Liaison quits KSA over social justice spending decision

October 20, 2009 by · 4 Comments 

Ken McIntyre has resigned as a student liaison after a KSA decision over an referendum-approved charge for a Social Justice fund. (Mitch Thompson photo)

Ken McIntyre has resigned as a student liaison after a KSA decision over an referendum-approved charge for a Social Justice fund. (Mitch Thompson photo)

Student liaison Ken McIntyre has resigned from his position on the Kwantlen Student Association council to protest the handling of a referendum-approved 10-cents-a-credit fee to fund the Social Justice Centre.

McIntyre, who had been the liaison to the KSA for students with disabilities, one of seven positions that focus on social justice issues at the university, resigned Oct. 6 after the KSA voted to remove the 10-cent-a-credit fee from Social Justice and increase the KSA’s building fee from 25 cents a credit to 35 cents.

The social justice fee was approved in the September referendum and would have been used to fund the liaisons and their Social Justice Centre, rather than having their budget come from KSA operating funds.

Derek Robertson, director of external affairs, made the motion to remove the Social Justice fee and increase the student union building fee instead.

“His rationale was that we still had a budget for the previous year, even though it was taken out of the KSA operating expenses,” said McIntyre.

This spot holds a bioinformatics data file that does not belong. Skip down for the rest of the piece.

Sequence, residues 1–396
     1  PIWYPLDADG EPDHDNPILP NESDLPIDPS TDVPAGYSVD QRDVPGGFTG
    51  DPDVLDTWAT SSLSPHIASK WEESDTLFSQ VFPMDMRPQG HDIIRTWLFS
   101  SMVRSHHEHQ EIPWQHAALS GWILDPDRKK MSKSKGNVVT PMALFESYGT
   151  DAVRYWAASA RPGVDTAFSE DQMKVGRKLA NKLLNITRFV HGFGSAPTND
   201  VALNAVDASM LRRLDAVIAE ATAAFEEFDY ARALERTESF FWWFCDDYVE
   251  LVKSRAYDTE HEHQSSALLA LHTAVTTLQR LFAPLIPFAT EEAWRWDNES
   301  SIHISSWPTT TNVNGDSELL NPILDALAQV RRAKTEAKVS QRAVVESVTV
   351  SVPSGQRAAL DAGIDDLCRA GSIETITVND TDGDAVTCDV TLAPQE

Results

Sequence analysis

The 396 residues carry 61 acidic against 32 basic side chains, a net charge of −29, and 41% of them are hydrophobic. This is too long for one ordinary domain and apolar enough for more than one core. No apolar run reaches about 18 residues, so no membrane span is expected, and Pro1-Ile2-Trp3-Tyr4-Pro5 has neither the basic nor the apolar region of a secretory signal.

Because of the KSA’s self-imposed student-fee-increase limit of 15 per cent (or $1.56 for next year) a year, the KSA council would be unable to introduce the social justice fee as well as raise the building fee.

McIntyre fears that removing the fee would mean there is no guarantee that social justice will receive adequate funding next year.

“Any other proposal that was put forward by myself or somebody else was, basically, swiftly voted down by [Robertson] and the council,” he said.

The motion was passed and McIntyre decided to leave the KSA in protest. “[Social justice is] more or less one of their bottom issues that they pay lip service to,” he said.

A representative for the KSA said priorizing played an important role in the choosing of which of the fees approved by students would be implemented.

“When we put these questions forward, we didn’t think they would all pass,” said Nathan Griffiths, director of operations.

All of the fees, save one CFS-related one, were passed, and the KSA was faced with the problem of deciding who receives money first while staying under the 15 per cent cap on student fee increases.

“Largely, more people voted for the student union building than people voted for social justice,” Griffiths said.

The referendum results released by the KSA show 58.5 per cent of voters were in favour of the student union building fee and 52.6 per cent of voters were in favour of the social justice fee.

One of the considerations for the KSA is the large mortgage on Surrey campus’s G-building.